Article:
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NCJRS Celebrates National Library Week April 12-18

National Library Week

Started in 1958, National Library Week is a nationwide observance celebrated by all types of libraries - including the NCJRS Virtual Library. NCJRS invites you to explore the breadth and scope of the NCJRS Virtual Library collection and services. With more than 220,000 collection documents and 60,000 online resources, including all known Office of Justice Programs works, it is one of the world’s largest criminal justice special collections.

We encourage your Feedback. Tell us how you use the NCJRS Virtual Library and Abstracts Database, how you access the collection, and any ways we can improve our services.

NCJRS Abstract

The document referenced below is part of the NCJRS Library collection.
To conduct further searches of the collection, visit the NCJRS Abstracts Database.

How to Obtain Documents
 
NCJ Number: NCJ 237722     Find in a Library
Title: Applying Carbon-14 Dating to Recent Human Remains
  Document URL: HTML PDF 
Author(s): Philip Bulman ; Danielle McLeod-Henning
  Journal: NIJ Journal  Issue:269  Dated:March 2012  Pages:8 to 10
Date Published: 03/2012
Page Count: 3
  Series: NIJ Journal
  Annotation: This study examined whether a person’s year of birth or year of death could be determined by using precise measurements of carbon-14 levels in different post-mortem tissues.
Abstract: In order to determine year of birth, the researchers focused on tooth enamel. Adult teeth are formed at known intervals during childhood. The researchers found that if they assumed tooth enamel radiocarbon content to be determined by the atmospheric level at the time the tooth was formed, then they could deduce the year of birth. The study found that for teeth formed after 1965, enamel radiocarbon content predicted the year of birth within 1.5 years. Radiocarbon levels in teeth formed before that year contained less radiocarbon than expected, so when applied to teeth formed during that period, the method was less precise. In order to determine year of death, researchers used radiocarbon levels in soft tissues. Unlike tooth enamel, soft tissues are constantly being made and remade during life. Thus, their radiocarbon levels mirror those in the changing environment. The study found that certain soft tissues - notably blood, nails, and hair - had radiocarbon levels identical to the contemporary atmosphere. Therefore, the radiocarbon level in those tissues postmortem would indicate the year of death. Carbon-14 dating is based on the fact that over the past 60 years, environmental levels of radiocarbon have been significantly altered by mid-20th-century episodes of above-ground nuclear weapons testing. Before this, the amount of radiocarbon in the environment varied little in the span of a century. In contrast, from 1955 to 1963, atmospheric radiocarbon levels almost doubled. Since then, they have been declining toward natural levels. Over the past six decades, the amount of radiocarbon in people or their remains depends significantly on when they were born or, more precisely, when their tissues were formed. 1 figure and 2 notes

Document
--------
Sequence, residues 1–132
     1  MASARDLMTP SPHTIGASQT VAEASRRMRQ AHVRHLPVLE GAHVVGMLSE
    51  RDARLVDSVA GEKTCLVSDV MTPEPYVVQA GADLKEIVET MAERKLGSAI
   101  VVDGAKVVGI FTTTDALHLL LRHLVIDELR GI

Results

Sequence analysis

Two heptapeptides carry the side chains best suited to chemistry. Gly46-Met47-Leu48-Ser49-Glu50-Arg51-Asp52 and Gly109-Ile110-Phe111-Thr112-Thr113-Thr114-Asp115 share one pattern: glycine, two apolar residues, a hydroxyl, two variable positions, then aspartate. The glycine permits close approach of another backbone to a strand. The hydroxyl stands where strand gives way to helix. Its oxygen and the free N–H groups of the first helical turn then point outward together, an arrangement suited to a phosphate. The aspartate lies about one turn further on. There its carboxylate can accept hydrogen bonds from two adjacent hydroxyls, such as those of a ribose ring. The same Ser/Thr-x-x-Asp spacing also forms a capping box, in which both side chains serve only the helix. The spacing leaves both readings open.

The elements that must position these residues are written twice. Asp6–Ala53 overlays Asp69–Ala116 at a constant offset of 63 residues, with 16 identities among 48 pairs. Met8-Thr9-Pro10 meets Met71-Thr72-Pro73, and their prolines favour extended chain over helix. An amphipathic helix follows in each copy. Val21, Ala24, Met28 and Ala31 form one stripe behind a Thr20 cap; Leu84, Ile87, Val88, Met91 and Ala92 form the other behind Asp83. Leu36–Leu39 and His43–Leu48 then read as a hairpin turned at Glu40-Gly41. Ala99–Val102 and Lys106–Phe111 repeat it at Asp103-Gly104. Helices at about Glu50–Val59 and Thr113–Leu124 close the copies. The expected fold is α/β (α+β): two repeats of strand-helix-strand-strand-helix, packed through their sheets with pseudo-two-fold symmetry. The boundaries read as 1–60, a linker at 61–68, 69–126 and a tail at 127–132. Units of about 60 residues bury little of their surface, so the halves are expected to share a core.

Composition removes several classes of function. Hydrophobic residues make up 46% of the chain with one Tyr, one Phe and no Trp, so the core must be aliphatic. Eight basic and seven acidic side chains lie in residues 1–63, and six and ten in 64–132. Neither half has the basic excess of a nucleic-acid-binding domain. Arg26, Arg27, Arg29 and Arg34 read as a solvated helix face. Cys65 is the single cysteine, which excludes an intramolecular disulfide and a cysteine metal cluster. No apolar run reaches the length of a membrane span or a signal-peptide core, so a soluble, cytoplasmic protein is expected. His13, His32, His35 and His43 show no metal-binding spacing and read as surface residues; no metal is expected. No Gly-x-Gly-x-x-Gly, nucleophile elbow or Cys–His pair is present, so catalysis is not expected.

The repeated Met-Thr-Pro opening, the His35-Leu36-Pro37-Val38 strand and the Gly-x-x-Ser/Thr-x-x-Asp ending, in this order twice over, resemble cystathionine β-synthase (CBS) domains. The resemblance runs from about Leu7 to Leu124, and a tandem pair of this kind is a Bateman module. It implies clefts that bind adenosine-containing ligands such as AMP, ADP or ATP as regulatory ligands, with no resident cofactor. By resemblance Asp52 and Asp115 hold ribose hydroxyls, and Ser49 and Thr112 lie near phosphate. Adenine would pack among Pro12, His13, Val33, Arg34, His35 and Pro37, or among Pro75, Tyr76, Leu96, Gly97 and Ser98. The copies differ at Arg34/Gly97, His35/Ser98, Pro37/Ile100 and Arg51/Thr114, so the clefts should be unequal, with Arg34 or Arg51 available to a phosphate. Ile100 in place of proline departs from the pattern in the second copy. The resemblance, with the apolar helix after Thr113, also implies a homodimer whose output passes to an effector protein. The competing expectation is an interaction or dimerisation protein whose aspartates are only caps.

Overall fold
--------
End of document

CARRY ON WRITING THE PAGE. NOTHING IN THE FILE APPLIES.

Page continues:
Main Term(s): Police policies and procedures
Index Term(s): Victim identification ; Forensics/Forensic Sciences ; Investigative techniques ; Death investigations ; Age determination
Type: Report (Study/Research)
Country: United States of America
Language: English
   
  To cite this abstract, use the following link:
https://www.ncjrs.gov/App/Publications/abstract.aspx?ID=259754

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